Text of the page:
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ISSUE 120 VOL 17 PUBLISHED 4/13/2007

Spring cleaning for elections

By Lauren Ciechanowski
Staff Writer

Friday, April 13, 2007

You know that the state of politics is in a bad place when Van Halen and presidential candidates have similar summer ambitions: tour the country, make as much money as possible and try to score a few extra-marital affairs. While the last one may be hyperbolic, the state of campaign fundraising has reached obscene and nearly satirical proportions. The upcoming presidential campaign has proven itself anything but immune from this flawed fundraising system.

In March, Sens. Richard Durbin, Arlen Specter and Congressman John Tierney introduced the Fair Elections Now Act in the Senate and the Clean Money, Clean Elections Act in the House, which if passed would allow candidates running for United States offices the opportunity to receive money from a public fund instead of support from lobbyists and special interest groups.

According to a March 20 press release from Durbin, the purpose of these bills is to encourage the participation of a diverse selection of candidates, and to rectify what Durbin describes as a "deeply flawed" campaign fundraising system that currently "overwhelms the entire campaign process. Rather than spending campaigns kissing babies and reaching into lobbyists" back pockets, candidates will be able to disseminate their ideas and spend more time actually presenting their issues to voters.

Fair and clean election initiatives have been adopted in Vermont, Maine, California, North Carolina, New Mexico and Arizona. In fact, Sen. John McCain has been running fair and clean since the bill passed in April of 2004. His campaign ads are simple, inexpensive, direct and issue-based. However, since he has begun his campaign for the presidency, he has spent a significant amount of his "campaign time" fundraising and courting lobbyists and interest groups at the national level; a tight budget cannot compete with the dazzle and sparkle of big-budget campaigns.

When Iowa Gov. Tom Vilsack dropped out of the presidential race in February due to poor funding, I'll admit I had not at all followed his campaign prior to the news. Come to think of it, I still haven't. He was so poor when he dropped out, I'll bet none of you can even tell me who he endorsed in his withdrawal speech.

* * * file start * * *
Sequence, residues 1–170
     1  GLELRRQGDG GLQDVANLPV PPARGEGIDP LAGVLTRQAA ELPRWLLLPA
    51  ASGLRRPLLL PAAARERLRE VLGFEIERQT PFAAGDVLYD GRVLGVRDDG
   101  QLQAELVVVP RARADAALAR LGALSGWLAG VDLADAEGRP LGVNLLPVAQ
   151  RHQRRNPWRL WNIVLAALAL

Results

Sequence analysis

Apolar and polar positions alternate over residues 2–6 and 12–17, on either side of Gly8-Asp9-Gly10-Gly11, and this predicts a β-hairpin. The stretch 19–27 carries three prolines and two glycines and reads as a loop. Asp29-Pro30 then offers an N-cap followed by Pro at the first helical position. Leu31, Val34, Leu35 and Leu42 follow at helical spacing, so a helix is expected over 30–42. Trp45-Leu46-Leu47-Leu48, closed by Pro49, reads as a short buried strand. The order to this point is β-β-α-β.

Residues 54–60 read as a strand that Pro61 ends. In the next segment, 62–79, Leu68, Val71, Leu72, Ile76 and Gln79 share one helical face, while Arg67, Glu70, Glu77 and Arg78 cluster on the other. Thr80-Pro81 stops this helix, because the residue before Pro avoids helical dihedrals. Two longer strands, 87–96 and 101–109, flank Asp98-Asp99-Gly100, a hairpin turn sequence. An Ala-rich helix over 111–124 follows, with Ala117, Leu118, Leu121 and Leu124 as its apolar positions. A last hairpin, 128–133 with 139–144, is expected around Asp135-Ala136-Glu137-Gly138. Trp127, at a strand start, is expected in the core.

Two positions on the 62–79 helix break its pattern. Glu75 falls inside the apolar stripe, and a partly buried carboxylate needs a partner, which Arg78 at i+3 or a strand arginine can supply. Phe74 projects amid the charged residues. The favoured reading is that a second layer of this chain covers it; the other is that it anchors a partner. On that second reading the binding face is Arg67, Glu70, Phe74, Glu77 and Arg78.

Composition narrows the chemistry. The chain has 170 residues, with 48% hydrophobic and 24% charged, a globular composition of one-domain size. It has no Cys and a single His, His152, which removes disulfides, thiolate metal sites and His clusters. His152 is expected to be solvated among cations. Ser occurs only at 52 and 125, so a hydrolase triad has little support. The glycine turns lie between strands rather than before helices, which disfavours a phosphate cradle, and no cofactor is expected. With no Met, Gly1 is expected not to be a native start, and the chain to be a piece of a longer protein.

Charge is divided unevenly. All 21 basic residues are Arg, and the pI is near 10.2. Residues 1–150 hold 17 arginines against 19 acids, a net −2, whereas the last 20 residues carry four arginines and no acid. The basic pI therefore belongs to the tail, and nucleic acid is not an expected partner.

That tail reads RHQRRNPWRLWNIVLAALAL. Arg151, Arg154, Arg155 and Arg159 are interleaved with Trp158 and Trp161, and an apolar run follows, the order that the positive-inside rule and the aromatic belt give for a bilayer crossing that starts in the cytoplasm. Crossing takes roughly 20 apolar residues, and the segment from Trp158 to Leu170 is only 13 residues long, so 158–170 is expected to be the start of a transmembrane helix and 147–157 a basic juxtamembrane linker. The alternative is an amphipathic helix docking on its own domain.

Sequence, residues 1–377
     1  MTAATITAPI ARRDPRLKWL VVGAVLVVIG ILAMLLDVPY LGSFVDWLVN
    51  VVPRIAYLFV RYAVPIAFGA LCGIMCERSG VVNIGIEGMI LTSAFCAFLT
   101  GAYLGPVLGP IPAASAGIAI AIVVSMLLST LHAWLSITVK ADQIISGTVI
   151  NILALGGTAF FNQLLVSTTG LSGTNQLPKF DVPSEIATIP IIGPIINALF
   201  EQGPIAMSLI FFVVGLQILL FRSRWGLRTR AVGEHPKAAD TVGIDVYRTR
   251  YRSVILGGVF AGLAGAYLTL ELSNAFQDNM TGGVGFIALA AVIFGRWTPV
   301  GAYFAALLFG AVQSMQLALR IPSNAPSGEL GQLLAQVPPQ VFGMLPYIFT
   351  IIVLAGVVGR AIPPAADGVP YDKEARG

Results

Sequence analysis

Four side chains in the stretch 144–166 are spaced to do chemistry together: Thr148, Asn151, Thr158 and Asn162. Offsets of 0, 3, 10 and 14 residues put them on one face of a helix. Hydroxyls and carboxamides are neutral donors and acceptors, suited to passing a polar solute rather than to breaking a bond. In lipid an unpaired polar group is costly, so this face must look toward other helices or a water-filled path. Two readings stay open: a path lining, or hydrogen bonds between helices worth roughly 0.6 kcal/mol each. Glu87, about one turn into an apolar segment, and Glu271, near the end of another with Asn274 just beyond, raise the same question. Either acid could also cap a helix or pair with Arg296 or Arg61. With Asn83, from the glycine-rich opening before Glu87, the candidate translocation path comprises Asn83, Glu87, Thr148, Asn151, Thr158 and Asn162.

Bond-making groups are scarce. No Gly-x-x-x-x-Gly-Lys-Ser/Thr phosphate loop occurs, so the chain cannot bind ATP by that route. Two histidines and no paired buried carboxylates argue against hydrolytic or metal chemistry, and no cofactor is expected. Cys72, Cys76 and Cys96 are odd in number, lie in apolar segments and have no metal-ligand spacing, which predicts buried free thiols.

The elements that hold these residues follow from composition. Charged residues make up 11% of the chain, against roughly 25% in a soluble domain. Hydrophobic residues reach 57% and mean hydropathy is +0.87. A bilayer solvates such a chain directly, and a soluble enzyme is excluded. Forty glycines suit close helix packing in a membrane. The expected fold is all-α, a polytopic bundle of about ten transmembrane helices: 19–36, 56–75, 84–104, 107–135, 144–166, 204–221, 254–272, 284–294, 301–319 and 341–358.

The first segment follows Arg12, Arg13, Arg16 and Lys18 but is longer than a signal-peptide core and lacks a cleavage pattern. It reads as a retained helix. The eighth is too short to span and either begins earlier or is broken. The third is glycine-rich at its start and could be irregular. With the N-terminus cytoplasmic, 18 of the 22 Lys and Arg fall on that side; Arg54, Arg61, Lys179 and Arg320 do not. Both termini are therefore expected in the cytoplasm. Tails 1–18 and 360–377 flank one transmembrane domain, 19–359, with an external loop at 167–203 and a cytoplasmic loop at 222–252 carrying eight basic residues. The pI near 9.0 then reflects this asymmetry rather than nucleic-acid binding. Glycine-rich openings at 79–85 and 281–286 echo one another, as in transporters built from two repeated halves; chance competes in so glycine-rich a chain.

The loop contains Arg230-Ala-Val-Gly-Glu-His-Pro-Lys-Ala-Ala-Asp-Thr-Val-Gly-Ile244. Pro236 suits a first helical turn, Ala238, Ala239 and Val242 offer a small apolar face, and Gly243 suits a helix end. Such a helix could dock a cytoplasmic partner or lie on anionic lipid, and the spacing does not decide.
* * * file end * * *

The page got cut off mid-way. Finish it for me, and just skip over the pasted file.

We are at a political crossroads. No matter what road we choose in 2008, a lot of tough decisions stand before our nation. But since when have tough decisions been fun to make? I cannot tell you the difference between Mitt Romney and Hillary Clinton's strategies for Iraq, but I sure can relate to you several of their idiotic and painful political blunders. As far as campaigns are concerned, intelligence must be purchased, but idiocy is free: everyone knows that John Edwards bats for the other team, and Obama is incredibly articulate for someone who's "well, you know."

Idiocy in a campaign spreads faster than herpes on a wrestling mat, but eloquence is boring  it doesn't sell. Candidates have been buying methods of making campaigns sell for years. Money from a lobbyist in exchange for favors a few months later can buy a candidate airtime on several stations to don makeup, flash that mug and sling a bit of mud at the other guy. It's not fair, it's not clean and it has been out of control since it came into fashion.

The bills that Durbin, Specter and Tierney introduced are an opportunity for our candidates to level the playing field and start campaigning for their offices instead of fundraising. Our country is at a social, economic and military crossroads; no matter what side of the fence you stand on, the 2008 presidential campaign is going to be pivotal to the direction our nation takes. The passage of fair and clean election bills at the national level will be the first step our nation takes to supporting a cleaner electoral environment.

Staff Writer Lauren Ciechanowski is a senior from Oak Park, Ill. She majors in political science and in sociology/anthropology.

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